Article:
By Matt Brown from Roland Garros
Before Roland Garros few people could have imagined Ash Barty playing Marketa Vondrousova in the women's singles final.
For what it's worth I had tipped Barty before the tournament. But that hunch was based on the fact the women's draw at Grand Slams is wide Open.
There are at least a dozen players who can compete for the titles, such is the evenness of the women's game at the top end.
Barty had come to Paris under an injury cloud and without much expectation, plus she had won just two matches on the Roland Garros clay in five previous visits.
Yet her form this year had been superb, capturing a Premier WTA title in Miami in March and producing some strong performances in the clay court lead in tournaments. Her game based on a strong serve, tremendous variety in her shot-making and great athleticism is suited to all surfaces.
The Australian's story is a remarkable one, it's just over three years since the 23-year-old returned to the sport ranked 623 in the world, two years after quitting tennis in 2014.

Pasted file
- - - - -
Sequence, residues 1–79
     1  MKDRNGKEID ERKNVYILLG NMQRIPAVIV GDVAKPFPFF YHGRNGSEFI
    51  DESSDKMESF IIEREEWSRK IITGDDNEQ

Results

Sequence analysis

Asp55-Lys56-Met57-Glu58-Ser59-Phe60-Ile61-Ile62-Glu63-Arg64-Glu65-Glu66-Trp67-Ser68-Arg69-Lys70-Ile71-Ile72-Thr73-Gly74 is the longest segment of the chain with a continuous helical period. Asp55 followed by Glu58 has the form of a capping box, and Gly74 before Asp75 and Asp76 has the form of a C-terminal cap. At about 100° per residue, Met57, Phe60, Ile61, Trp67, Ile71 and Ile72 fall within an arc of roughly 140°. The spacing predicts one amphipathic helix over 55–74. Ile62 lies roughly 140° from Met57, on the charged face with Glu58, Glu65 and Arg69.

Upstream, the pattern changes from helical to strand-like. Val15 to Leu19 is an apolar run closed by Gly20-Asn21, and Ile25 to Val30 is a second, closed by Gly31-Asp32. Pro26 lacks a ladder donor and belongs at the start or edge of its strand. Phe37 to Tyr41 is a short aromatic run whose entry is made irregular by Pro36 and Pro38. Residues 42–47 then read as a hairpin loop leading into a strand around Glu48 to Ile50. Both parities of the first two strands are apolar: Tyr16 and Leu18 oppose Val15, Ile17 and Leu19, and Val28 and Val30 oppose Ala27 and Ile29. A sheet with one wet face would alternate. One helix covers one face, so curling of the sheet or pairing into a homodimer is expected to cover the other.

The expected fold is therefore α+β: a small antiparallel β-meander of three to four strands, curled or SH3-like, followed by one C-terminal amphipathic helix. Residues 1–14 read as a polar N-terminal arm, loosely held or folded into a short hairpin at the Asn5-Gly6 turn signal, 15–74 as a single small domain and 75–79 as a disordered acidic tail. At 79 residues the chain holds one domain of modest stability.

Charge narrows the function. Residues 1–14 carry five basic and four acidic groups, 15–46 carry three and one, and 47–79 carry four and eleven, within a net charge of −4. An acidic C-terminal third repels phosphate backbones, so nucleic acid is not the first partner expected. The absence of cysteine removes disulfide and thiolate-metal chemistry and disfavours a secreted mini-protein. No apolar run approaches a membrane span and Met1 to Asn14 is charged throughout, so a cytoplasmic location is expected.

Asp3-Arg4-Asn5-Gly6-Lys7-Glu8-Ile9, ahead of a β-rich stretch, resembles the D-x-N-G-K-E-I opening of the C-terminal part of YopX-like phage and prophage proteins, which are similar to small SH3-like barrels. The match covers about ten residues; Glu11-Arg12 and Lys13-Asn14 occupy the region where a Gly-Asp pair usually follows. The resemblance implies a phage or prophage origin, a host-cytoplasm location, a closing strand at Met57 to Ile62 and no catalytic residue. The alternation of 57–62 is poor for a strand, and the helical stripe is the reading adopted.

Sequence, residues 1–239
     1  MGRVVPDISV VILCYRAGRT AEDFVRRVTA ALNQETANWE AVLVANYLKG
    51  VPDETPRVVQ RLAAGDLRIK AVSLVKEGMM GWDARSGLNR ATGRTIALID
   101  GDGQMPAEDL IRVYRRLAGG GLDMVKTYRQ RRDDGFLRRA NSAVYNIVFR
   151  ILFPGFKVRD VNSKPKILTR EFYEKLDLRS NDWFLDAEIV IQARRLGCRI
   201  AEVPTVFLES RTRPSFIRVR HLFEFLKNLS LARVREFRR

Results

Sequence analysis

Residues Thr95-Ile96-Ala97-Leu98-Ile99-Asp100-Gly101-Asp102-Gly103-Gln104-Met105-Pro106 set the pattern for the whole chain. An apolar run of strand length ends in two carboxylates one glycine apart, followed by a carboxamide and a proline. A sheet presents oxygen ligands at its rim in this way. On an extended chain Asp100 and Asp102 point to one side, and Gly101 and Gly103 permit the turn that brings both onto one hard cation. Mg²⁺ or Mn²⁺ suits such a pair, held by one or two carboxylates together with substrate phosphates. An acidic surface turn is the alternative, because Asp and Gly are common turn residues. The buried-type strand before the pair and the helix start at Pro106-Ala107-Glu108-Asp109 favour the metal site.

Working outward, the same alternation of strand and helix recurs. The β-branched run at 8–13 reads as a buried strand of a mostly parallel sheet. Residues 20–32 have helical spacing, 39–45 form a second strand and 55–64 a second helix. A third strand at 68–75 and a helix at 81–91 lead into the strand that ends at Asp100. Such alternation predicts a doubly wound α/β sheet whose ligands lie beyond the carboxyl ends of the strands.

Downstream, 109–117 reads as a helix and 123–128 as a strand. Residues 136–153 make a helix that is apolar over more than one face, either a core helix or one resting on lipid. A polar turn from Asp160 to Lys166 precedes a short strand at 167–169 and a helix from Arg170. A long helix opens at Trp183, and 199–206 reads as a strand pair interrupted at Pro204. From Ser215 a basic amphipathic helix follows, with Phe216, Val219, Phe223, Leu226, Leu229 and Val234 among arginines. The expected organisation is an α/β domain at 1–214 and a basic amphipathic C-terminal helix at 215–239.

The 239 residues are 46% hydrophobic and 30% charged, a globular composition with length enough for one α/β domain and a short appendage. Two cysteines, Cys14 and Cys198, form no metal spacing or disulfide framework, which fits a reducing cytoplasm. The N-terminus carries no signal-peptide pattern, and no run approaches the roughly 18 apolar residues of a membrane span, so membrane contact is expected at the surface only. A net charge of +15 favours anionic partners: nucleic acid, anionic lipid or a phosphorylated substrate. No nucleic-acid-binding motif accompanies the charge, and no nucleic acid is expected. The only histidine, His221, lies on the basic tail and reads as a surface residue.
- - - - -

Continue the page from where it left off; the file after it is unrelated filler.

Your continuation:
Barty had been a junior Wimbledon champion but had initially found the professional life tough, she struggled with the travel and battled depression.
In 2015 she played cricket for Queensland, such was her sporting talent but she chose to return to tennis a year later and today that remarkable comeback is complete as she dominated the 19-year-old Czech 6-1,6-3 to lift the Susanne Lenglen Cup.
Many commentators felt her best chance for a Grand Slam title would come on grass at Wimbledon. She has a tremendous serve with good variety and is one of relatively few women's players who utilize the kick serve.
Barty's backhand slice is a real weapon for her and her ability to change the pace during rallies is an asset. She's won her first Grand Slam title on the Roland Garros clay and I wouldn't rule her out making a strong run at the All England Club in a few weeks' time.
Matt Brown is in Paris courtesy of Emirates Airline.